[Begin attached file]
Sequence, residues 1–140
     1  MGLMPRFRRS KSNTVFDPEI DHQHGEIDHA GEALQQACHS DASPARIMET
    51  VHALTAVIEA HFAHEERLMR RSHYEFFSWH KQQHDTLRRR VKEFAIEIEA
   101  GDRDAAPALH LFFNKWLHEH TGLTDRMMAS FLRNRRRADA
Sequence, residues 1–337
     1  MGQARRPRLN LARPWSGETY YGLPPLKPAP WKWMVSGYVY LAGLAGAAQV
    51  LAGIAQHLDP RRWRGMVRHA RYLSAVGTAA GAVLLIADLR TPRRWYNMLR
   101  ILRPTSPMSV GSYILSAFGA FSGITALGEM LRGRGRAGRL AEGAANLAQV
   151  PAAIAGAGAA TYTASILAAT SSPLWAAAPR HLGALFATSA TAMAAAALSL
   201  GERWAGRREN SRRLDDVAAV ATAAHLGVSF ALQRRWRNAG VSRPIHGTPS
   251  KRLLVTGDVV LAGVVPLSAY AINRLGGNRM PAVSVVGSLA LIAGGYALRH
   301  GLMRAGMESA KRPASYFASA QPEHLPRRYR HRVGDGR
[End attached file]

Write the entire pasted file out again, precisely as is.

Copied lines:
Sequence, residues 1–140
     1  MGLMPRFRRS KSNTVFDPEI DHQHGEIDHA GEALQQACHS DASPARIMET
    51  VHALTAVIEA HFAHEERLMR RSHYEFFSWH KQQHDTLRRR VKEFAIEIEA
   101  GDRDAAPALH LFFNKWLHEH TGLTDRMMAS FLRNRRRADA
Sequence, residues 1–337
     1  MGQARRPRLN LARPWSGETY YGLPPLKPAP WKWMVSGYVY LAGLAGAAQV
    51  LAGIAQHLDP RRWRGMVRHA RYLSAVGTAA GAVLLIADLR TPRRWYNMLR
   101  ILRPTSPMSV GSYILSAFGA FSGITALGEM LRGRGRAGRL AEGAANLAQV
   151  PAAIAGAGAA TYTASILAAT SSPLWAAAPR HLGALFATSA TAMAAAALSL
   201  GERWAGRREN SRRLDDVAAV ATAAHLGVSF ALQRRWRNAG VSRPIHGTPS
   251  KRLLVTGDVV LAGVVPLSAY AINRLGGNRM PAVSVVGSLA LIAGGYALRH
   301  GLMRAGMESA KRPASYFASA QPEHLPRRYR HRVGDGR